There are many challenges to overcome when adapting event-driven architecture (EDA). This is often a very complex project, especially when you have to deal with legacy systems. Here are my personal five tips that will guide you towards a successful implementation.
1. Make sure everyone accepts the new strategy
The first move towards an event-driven architecture (EDA) often begins within the development teams. For them, it quickly becomes clear that an event-driven approach is the best way to support the company’s growth.
However, it is not uncommon for these initiatives to face the opposite requirements from other departments. The rest of the company often prefers a faster implementation as opposed to a sustainable one and doesn’t understand the event-driven approach.
It’s important to educate them on the benefits of the new architecture in this initial phase. It should be finalized in an official announcement on the new integration strategy. It has to earn the full support of the key stakeholders such as the CTO, CIO, etc. You need everyone to be on the same page.
2. Remember that an event-driven architecture doesn’t replace APIs
There are still countless scenarios that speak in favor of an API. For example, if it’s a synchronous process that requires a direct response, the API is a far better choice. You should thoroughly examine your needs and the pros and cons of both of them.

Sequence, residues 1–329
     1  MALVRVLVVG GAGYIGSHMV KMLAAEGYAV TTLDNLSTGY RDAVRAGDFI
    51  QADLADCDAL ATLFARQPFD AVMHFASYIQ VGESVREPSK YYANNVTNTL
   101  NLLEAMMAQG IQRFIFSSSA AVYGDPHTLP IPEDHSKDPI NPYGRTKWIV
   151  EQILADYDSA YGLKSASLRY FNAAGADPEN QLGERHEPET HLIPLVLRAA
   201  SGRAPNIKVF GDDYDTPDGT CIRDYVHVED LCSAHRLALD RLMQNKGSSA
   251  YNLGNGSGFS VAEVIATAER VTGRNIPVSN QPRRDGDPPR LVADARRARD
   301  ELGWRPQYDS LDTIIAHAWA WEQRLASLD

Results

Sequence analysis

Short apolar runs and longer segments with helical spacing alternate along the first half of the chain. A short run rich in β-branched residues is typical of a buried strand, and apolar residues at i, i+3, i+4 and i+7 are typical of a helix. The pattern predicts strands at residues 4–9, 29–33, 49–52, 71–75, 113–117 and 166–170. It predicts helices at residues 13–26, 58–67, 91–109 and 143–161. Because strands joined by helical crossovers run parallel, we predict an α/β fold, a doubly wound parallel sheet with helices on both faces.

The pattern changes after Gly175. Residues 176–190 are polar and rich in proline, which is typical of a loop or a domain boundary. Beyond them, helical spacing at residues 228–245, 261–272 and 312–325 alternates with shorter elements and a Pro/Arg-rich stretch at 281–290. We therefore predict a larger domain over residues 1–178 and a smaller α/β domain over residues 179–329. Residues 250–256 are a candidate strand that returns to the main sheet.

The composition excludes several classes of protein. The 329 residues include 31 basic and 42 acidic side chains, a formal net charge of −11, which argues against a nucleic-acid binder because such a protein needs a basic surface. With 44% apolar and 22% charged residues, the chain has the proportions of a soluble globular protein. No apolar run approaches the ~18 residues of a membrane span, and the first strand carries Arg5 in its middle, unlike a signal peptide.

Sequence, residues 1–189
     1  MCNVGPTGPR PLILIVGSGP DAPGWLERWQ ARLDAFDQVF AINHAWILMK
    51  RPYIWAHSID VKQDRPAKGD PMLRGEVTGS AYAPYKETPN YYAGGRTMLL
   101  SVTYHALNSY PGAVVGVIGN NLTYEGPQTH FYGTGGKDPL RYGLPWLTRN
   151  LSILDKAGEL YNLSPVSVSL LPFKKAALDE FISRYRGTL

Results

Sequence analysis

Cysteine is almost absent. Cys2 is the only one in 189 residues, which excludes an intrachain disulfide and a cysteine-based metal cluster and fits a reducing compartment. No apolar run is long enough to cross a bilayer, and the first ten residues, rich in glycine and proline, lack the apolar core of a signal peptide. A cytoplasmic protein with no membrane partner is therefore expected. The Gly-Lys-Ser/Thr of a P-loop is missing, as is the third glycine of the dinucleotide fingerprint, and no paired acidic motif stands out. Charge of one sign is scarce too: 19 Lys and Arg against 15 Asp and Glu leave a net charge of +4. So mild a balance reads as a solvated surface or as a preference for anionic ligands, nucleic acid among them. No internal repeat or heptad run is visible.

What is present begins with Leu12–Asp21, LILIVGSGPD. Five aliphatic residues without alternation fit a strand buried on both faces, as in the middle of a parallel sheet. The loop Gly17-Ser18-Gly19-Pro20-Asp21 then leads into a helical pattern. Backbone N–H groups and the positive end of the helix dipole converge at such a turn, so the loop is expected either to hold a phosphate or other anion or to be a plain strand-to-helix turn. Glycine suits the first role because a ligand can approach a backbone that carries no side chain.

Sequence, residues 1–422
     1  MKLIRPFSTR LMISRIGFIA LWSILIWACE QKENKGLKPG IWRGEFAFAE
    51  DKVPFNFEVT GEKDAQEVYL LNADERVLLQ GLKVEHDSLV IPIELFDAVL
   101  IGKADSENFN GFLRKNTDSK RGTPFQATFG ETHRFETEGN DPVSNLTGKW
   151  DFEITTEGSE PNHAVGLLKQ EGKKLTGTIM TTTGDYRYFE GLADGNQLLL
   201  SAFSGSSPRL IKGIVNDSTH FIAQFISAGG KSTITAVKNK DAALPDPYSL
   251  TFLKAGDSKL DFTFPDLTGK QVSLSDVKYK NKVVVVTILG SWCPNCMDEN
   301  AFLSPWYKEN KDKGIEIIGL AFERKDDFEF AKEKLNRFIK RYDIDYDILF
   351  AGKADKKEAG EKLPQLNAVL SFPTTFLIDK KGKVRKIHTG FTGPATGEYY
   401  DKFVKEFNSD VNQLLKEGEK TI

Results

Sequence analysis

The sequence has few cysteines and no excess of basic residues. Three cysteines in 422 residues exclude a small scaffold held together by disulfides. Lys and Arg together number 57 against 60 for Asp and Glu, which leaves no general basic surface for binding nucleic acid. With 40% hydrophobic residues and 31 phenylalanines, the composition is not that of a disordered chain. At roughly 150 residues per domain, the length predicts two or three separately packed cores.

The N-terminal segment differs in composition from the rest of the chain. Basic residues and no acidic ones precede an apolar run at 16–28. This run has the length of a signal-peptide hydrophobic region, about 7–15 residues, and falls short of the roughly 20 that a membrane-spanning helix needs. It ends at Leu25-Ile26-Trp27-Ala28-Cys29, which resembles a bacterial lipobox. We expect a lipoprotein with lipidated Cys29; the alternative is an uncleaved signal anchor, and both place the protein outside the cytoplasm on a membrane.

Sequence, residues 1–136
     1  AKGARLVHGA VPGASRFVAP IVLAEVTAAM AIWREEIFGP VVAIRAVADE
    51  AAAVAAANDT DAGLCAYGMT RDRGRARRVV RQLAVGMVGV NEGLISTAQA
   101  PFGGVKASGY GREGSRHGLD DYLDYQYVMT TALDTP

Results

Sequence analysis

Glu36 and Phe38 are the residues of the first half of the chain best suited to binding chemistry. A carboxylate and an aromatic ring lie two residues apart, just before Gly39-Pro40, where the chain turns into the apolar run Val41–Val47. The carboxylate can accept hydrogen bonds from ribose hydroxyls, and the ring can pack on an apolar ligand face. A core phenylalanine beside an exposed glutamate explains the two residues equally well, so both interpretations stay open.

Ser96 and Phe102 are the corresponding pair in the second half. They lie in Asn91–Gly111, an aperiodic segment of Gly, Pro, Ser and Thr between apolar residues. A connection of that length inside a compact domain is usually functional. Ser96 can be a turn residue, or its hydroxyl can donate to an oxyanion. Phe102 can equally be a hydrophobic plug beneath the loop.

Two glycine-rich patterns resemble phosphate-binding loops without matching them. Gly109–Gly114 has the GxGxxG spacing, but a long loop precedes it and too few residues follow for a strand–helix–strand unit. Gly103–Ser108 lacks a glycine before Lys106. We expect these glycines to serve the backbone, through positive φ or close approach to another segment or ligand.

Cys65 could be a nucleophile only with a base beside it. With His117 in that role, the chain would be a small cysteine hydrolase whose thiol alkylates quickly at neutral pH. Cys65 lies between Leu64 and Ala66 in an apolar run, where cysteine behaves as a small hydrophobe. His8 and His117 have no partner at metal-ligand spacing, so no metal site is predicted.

3. Keep the complexity to a minimum
When you integrate multiple legacy systems, the complexity and the number of events can increase exponentially. Changing tracking, binary data, GDPR, etc. can quickly pose major challenges for your integration project.
To prevent chaos, you should consider the “keep it simple, stupid” (KISS) principle. It’s often helped me to take a step back, rethink the process, and optimize it.
4. Establish clear practices for event governance
When introducing EDA, you should also think about establishing certain practices and processes in order to keep your architecture clean in the long term. Otherwise, incorrect data input from third-party systems can result in a disaster.
You might also create a cross-team “event council” to coordinate these issues. It’s proven to be a very practical way to keep it under control.
5. Keep business logic away from event subscribers
It is not uncommon for me to come across projects in which event subscribers have been misused to implement business logic. It’s a bad practice. Without exception, business logic should be outsourced to microservices or software designed for this purpose. This is the only way to guarantee clear responsibilities and good maintainability when the environment is scaled up.
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